Most Israeli Jews believe Ra'am partnership harmed state security - poll

Over half of the Jewish Israeli public stated that the partnership with Arab party Ra'am harmed Jewish society and Israeli society in general.

 Ra'am head Mansour Abbas attends a a plenum session and a vote on the state budget at the assembly hall of the Israeli parliament, in Jerusalem on November 4, 2021.  (photo credit: YONATAN SINDEL/FLASH 90)
Ra'am head Mansour Abbas attends a a plenum session and a vote on the state budget at the assembly hall of the Israeli parliament, in Jerusalem on November 4, 2021.
(photo credit: YONATAN SINDEL/FLASH 90)

Most right-wing and centrist Israelis believe that the former coalition's partnership with the Ra'am party harmed national security, although centrists and left-wing Israelis largely said that they believe the partnership was positive for economic and civil issues, according to Tel Aviv University's July 2022 Peace Index.

Meanwhile, over half of the Jewish public stated that the partnership with Ra'am harmed Jewish society and Israeli society in general, although a large majority of left-wing voters and half of centrist voters said they think the partnership advanced Israeli society in general.

Among Israeli Arabs, most respondents who expressed an opinion said that partnership advanced Arab and Jewish society and Israeli society in general, although between a quarter and a third of respondents did not express an opinion. Half of the liberal Arab respondents who did express an opinion said they felt the partnership advanced all segments of society, while two-thirds of conservative Arab voters said the same.

Additionally, the Peace Index found that the vast majority of right-wing voters opposed any inclusion of Arab parties in the next coalition, while centrists and left-wing voters mostly supported inclusion. Israeli Arabs largely supported integration, but nearly a third of respondents did not express an opinion.

About a third of both Jewish and Arab respondents said they think that the rightwing members of the coalition caused the government to disintegrate, with this answer being the most common from the right, center and left.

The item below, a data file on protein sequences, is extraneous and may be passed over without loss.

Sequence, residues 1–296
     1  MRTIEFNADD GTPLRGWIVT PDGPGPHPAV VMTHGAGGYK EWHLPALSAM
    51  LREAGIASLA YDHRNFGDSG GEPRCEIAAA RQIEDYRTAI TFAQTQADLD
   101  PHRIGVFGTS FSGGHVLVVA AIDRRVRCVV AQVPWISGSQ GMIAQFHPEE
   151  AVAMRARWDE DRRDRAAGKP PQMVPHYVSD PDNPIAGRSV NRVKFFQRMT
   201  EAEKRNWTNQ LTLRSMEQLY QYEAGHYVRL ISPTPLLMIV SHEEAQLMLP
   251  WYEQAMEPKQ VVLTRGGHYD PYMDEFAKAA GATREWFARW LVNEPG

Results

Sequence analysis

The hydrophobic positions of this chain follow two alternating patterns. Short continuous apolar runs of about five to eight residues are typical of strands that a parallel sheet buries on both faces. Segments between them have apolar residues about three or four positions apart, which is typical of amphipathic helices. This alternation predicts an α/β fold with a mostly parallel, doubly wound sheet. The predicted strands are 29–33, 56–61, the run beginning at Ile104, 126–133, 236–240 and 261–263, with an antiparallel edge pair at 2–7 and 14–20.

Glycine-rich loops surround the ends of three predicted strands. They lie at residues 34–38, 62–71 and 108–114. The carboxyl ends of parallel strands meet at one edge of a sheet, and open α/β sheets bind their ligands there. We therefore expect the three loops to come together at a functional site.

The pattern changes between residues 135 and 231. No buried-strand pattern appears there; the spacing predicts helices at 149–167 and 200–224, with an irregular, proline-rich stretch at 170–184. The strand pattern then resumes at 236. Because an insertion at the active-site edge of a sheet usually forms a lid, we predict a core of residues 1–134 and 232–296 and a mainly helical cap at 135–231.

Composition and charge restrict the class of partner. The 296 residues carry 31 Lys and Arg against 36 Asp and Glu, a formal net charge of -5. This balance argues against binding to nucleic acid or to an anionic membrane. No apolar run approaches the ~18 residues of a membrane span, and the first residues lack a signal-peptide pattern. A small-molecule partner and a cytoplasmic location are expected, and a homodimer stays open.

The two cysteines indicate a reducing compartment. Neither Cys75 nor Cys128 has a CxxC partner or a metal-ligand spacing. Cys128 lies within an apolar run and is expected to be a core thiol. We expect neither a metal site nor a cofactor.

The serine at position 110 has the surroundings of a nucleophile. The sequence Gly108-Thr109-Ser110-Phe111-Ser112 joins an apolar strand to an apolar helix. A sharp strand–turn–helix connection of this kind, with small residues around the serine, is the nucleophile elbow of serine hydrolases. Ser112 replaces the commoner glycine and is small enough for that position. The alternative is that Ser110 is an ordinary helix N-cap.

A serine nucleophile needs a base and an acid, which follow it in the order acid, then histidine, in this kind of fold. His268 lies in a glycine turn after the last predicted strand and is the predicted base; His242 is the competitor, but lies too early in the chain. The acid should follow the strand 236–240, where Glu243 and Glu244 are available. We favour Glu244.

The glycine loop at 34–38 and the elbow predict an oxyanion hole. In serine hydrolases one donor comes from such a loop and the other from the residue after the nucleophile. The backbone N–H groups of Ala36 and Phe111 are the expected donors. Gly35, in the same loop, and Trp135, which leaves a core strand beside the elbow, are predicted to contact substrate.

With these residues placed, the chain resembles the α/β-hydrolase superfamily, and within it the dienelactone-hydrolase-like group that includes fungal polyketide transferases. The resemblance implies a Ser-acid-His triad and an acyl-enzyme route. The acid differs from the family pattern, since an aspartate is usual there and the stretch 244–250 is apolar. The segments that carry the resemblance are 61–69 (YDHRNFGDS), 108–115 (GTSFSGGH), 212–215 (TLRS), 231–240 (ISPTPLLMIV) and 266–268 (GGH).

MK ITAMAR BEN-GVIR addresses the Knesset plenum as Ra’am (United Arab List) Party leader Mansour Abbas presides during a session in November. (credit: OLIVIER FITOUSSI/FLASH90) MK ITAMAR BEN-GVIR addresses the Knesset plenum as Ra’am (United Arab List) Party leader Mansour Abbas presides during a session in November. (credit: OLIVIER FITOUSSI/FLASH90)

How do Jews and Arabs feel about the peace process with the Palestinians?

In terms of the Israeli-Palestinian peace process, the Peace Index found that the level of support for a two-state solution or for the annexation of the territories with limited rights for the Palestinians is almost equal among the Jewish public. For both options, Jewish respondents expressed that it was unlikely that either had a chance of being realized in the foreseeable future.

While three-quarters of the Jewish public feel that continuing the current situation harms Israel, most believe that the situation will continue.

Arab respondents continued to support a two-state solution and oppose annexation in the latest Peace Index, with the most common reply concerning a solution that could be realized in the foreseeable future being the establishment of a Palestinian state. In contrast to the Jewish public, a smaller majority of Arabs believe that continuing the dispute harms Israel.

The latest Peace Index also, for the first time, asked Arab respondents about their views concerning the attitudes of the Jewish public about the Israeli-Palestinian conflict, with the responses underestimating how many Jewish Israelis support negotiations with the Palestinians and overestimating how many Jews believe that negotiations will lead to peace.